With all the excellent reasons mentioned, I would like to add what I consider to be the most important of all – exercise directly benefits the brain – check out my Page – Importants Facts About Your Brain – (and Exercise) to read further details.

SedentaryVsExercise

Tony

Leave a comment

Filed under Exercise

Vitamin D May Help Prevent and Treat Diseases Associated with Aging

Tony:

Researchers reviewed evidence that suggests an association between vitamin D deficiency and chronic diseases associated with aging such as cognitive decline, depression, osteoporosis, cardiovascular disease, high blood pressure, Type 2 diabetes and cancer.

Vitamin D is really the rock star of vitamins. I have written about it before:
Vitamin D May Help Prevent and Treat Diseases Associated with Aging
Low Vitamin D Predicts More Severe Strokes, Poor Health Post-stroke
Adding Vitamin D for the Winter Months – Guest Post – Kelli Jennings
How Good is Vitamin D For You? – Infographic
Link Between Vitamin D and Dementia Risk Confirmed

Tony

Originally posted on Cooking with Kathy Man:

Vitamin D may play a vital role in the prevention and treatment of diseases associated with aging, according to researchers at Loyola University Chicago Marcella Niehoff School of Nursing (MNSON). These findings were published in the latest issue of the Journal of Aging and Gerontology.

Researchers reviewed evidence that suggests an association between vitamin D deficiency and chronic diseases associated with aging such as cognitive decline, depression, osteoporosis, cardiovascular disease, high blood pressure, Type 2 diabetes and cancer.

“Vitamin D deficiency is a common, serious medical condition that significantly affects the health and well-being of older adults,” said Sue Penckofer, PhD, RN, study author and full professor, MNSON.

Older adults are at risk for vitamin D deficiency due to diet, reduced time outdoors and poor skin absorption of the nutrient. With the number of people ages 65 and older expected to more than double from 2012 to 2060, the problem…

View original 143 more words

Leave a comment

Filed under aging, Vitamin D

Some Food for Thought – Infographics

I stumbled across these surfing the web this morning. Thought you might like them.

Here is something to think about when tempted …

quote2

Doesn’t this sound like something worth trying?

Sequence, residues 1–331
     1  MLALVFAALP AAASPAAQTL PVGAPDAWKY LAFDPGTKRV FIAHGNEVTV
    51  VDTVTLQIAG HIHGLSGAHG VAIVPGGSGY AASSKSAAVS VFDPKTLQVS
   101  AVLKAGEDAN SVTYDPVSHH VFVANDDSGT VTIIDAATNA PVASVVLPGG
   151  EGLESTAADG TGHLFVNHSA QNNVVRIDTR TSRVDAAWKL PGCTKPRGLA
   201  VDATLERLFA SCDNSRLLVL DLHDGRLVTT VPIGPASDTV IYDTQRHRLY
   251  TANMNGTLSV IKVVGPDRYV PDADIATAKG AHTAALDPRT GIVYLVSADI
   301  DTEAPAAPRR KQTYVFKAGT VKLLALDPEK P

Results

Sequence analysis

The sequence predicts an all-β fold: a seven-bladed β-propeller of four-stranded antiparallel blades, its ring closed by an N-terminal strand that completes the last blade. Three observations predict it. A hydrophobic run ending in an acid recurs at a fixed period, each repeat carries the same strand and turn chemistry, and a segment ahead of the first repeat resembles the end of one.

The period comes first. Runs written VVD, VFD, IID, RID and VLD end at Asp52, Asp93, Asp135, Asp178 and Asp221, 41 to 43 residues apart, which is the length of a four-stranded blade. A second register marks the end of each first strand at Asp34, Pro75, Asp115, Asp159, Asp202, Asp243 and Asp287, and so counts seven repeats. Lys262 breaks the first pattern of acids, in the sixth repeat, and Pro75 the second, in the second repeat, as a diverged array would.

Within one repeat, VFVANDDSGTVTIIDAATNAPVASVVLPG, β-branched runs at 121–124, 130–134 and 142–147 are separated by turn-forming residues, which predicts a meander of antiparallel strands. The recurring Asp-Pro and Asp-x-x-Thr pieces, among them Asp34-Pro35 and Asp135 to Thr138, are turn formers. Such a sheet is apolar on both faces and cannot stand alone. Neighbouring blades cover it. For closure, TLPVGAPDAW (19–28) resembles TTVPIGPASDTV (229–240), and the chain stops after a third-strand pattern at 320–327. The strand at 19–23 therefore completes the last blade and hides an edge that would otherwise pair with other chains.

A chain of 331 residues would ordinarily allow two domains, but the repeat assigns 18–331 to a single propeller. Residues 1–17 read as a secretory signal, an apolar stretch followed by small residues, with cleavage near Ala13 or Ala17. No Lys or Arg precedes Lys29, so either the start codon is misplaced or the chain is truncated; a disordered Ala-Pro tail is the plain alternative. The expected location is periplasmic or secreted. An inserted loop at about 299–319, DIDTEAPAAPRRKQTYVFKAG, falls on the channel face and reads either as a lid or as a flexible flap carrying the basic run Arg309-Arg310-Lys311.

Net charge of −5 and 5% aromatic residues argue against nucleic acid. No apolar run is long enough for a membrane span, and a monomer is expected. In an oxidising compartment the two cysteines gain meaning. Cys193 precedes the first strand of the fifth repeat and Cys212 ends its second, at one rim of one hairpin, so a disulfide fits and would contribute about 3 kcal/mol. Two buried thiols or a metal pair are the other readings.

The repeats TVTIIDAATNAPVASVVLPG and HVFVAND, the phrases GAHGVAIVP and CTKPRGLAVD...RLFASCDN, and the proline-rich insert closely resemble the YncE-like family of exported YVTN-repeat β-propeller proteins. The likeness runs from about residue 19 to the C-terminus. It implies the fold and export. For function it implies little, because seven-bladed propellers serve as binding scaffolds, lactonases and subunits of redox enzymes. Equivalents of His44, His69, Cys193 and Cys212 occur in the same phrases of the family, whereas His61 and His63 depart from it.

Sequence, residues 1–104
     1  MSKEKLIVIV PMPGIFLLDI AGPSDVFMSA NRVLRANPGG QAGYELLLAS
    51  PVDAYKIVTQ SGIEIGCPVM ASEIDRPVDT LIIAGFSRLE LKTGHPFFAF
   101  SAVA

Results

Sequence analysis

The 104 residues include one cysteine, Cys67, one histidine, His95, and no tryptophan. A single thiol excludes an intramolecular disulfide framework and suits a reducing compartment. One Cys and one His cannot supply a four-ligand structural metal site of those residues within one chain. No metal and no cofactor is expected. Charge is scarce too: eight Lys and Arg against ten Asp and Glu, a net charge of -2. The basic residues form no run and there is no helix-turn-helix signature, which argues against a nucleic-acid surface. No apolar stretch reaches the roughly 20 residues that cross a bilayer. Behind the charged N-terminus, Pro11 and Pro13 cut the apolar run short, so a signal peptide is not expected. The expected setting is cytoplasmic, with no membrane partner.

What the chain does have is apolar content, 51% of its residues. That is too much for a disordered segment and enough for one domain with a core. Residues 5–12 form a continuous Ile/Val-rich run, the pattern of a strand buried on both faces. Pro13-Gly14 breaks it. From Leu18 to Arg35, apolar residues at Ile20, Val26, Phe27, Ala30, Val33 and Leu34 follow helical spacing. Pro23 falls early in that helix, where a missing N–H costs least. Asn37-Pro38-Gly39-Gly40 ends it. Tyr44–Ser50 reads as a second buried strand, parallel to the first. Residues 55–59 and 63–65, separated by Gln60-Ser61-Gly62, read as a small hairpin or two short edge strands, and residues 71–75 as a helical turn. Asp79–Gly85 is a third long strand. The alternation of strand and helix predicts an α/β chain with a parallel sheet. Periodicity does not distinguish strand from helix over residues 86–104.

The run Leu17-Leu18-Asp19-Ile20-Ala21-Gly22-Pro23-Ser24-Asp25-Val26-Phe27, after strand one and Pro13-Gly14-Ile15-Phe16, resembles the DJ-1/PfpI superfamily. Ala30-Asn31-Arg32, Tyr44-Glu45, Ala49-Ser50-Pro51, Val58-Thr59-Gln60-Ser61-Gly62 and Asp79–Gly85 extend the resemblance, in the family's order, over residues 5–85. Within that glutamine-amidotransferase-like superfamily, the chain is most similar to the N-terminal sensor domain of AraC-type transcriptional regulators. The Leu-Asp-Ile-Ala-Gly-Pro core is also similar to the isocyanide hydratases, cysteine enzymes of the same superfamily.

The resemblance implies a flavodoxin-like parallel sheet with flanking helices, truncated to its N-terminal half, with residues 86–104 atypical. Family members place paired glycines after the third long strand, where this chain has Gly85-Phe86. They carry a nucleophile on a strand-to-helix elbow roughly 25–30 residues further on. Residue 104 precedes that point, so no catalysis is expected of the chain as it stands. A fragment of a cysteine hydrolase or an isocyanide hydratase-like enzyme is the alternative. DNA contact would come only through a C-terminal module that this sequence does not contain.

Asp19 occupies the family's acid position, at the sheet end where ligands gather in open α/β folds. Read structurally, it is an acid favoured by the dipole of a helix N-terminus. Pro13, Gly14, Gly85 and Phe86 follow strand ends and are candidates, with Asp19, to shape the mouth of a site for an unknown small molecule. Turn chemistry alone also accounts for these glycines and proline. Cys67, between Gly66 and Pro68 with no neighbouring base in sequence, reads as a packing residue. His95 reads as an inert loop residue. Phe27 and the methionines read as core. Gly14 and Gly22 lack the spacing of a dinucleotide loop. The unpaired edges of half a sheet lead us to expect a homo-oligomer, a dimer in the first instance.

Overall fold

16-03-15 - 1
I don’t remember ever hearing this one before, but I love it.

26-03-15 - 1
Tony

2 Comments

Filed under anxiety, infographics, positive thinking

10 Weight Loss Diet Tips – Infographic

None of these are shocking new information, but I think they combine well and maybe remind us of something we aren’t doing right now, or as often as is healthy.

I like the 80/20 rule a lot. Eat natural, unprocessed foods 80 percent of the time and your favorite processed treats 20 percent.

Diet+Tips

Tony

3 Comments

Filed under diet, weight loss

What You Didn’t Know About Hellman’s Mayonnaise

Most people don’t know that back in 1912, Hellmann’s Mayonnaise was manufactured in England.  In fact, the Titanic was carrying 12,000 jars of the condiment scheduled for delivery in Vera Cruz, Mexico, which was to be the next port of call for the great ship after its stop in New York .

Hellman’s Mayonnaise.

This would have been the largest single shipment of mayonnaise ever delivered to Mexico  ….  But as we know, the great ship did not make it to New York.  The Titanic hit an iceberg and sank. Continue reading

2 Comments

Filed under Hellmann's Mayonaise, Titanic Sinking.

Have you gotten your fresh air and sunshine medicine today?

Tony:

England had several early advocates of the curative value of sun and fresh air. Physician John Lettsom (1744-1815) prescribed sea air and sunshine for children who were suffering from tuberculosis (TB). In 1840, surgeon George Bodington noted that those who worked in the open air—farmers, plowmen, shepherds—were generally free of TB, while those who spent much of their time indoors seemed more susceptible to it.

I love this kind of information. Sunshine and fresh air are good for us. Who’da thunk it?

I think we are all hard-wired to know simple, wonderful facts like this, but the information gets lost in the myriad facts of the mental mayhem that makes up modern living. Now we have science backing up our own intuition.